1 Reply Latest reply: Feb 17, 2013 6:25 PM by Jon Walker
Heliotown Level 1 (0 points)

Using Quicktime 7.7 Pro I export a still image from an .avi movie file and choose movie to picture. In options, I am given a choice of various formats including jpeg and png.  But, the file extension still says .pct no matter what format option is chosen.


I discovered today when I upgraded my old photoshop CS3 to CS6 that .pct format is no longer supported in the new version of Photoshop CS6. ( Ouch. )


How can I export a still image in Quicktime Pro 7.7 so that it is readable in the Photoshop CS6?


Thanks in advance for any solutions.



iMac (27-inch, Late 2012), OS X Mountain Lion (10.8.2)
  • Jon Walker Level 6 (18,305 points)

    How can I export a still image in Quicktime Pro 7.7 so that it is readable in the Photoshop CS6?

    Basically you can't. As you noted above, the QT 7 Pro option only exports a PCT file (the legacy system image file format) using your choice of compression.


    You could, however, try any of a number of other options:


    1) You can drag the current frame in your QT 7 Pro player to the desktop which should create a single-frame "Movie Clipping" file in the same format as your video video file. This file may or may not open directly in your updated version Photoshop as it does in my older version.


    2) Another possibility would be to use the Command-C keyboard shortcut to copy the current image in the QT 7 Pro player to the clipboard and then open Photoshop and create "New" file in Photoshop using the clipboard image dimensions. When the new empty file window opens, you can use the Command-V shortcut to paste the clipboard image to the window. On my system this creates a default PSD image. The major disadvantage of this approach is that if the original file was encoded anamorphically, then the image is created using the encode dimensions and you have to manually adjust the aspect ratio. (I.e., as opposed to using the work flow described above which recognizes anamorphic files and gives you the option of opening the file automatically in the correct apect.)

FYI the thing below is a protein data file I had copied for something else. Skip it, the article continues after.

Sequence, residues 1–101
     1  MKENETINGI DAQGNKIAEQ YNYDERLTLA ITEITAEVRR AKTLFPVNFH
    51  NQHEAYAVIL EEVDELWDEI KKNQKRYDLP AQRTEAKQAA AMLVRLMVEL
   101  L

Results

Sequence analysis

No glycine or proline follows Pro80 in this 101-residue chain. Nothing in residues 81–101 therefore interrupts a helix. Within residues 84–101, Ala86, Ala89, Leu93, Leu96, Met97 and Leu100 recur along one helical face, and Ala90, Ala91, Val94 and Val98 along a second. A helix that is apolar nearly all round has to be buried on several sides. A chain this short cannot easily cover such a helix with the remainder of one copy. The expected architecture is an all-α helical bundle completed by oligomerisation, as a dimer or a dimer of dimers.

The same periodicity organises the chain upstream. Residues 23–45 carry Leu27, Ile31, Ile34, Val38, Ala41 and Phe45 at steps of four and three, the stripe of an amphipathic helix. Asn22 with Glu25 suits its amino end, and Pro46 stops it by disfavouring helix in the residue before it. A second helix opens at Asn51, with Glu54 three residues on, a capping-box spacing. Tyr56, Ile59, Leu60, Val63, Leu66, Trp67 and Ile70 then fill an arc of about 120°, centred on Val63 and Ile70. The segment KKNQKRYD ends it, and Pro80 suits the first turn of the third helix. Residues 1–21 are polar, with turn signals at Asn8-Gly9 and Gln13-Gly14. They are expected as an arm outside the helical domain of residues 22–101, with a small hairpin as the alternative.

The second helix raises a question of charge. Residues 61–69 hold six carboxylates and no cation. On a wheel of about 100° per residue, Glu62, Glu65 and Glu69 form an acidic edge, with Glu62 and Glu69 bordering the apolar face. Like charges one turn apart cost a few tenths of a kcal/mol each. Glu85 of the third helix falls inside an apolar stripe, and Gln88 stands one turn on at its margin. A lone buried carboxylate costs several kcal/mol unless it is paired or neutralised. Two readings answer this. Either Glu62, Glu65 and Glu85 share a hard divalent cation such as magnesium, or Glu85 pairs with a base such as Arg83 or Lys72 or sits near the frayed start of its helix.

2) If the "Movie Clipping" will not open in your version of Photoshop, then it will open in the free MPEG Streamclip app if you have it installed. This app can then export the video frame as a JPEG, TIFF, or PNG image.


    3) Another option would be to open the AVI video directly in the MPEG Streamclip, locate the frame you want and export the frame directly from the video file to a JPEG, TIFF, or PNG file as described above.


    4) Probably the most used work flow for compatible video is to open the file in the QT X Player, locate the frame you want, use the Command-C shortcut to copy the image to the clipboard as a PNG image which can the be opened from the clipboard in Preview and exported to a desired image file format. Of course, AVI files are frequently "iffy" with QT X depending on the specific video compression format used to create them.


    5) You can also use the Finder image capture option to capture the entire QT 7 Player image (or a portion thereof) as a PNG image (with or without a drop shadow) and then open it Photoshop where you can crop the image before performing whatever you want to do in this app.


    The are probably other options but this should be enough for you play with at this time.